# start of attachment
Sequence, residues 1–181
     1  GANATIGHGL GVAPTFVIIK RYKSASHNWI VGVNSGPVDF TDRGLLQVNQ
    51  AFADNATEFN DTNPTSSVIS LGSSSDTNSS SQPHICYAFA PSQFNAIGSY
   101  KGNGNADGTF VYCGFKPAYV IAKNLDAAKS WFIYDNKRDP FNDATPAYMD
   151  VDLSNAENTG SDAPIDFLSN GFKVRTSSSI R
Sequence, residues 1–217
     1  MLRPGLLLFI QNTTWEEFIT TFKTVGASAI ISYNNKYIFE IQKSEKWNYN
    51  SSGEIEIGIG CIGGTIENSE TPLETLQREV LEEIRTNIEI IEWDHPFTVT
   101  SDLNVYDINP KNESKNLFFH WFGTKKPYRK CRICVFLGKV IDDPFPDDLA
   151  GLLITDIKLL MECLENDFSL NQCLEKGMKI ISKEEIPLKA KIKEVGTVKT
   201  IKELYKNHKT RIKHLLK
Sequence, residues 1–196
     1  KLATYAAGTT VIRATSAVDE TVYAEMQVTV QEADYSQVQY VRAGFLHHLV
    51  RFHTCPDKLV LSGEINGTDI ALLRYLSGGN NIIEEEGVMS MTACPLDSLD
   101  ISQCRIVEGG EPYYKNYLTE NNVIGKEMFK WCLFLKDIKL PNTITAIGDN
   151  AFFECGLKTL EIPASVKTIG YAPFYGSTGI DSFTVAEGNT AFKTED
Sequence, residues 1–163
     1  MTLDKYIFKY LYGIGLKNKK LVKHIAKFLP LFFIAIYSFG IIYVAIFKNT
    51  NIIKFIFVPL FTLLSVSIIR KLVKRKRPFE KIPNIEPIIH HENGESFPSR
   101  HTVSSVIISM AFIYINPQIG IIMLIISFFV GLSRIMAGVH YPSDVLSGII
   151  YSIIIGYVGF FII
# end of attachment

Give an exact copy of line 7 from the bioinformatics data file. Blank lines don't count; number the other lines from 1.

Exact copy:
     1  MLRPGLLLFI QNTTWEEFIT TFKTVGASAI ISYNNKYIFE IQKSEKWNYN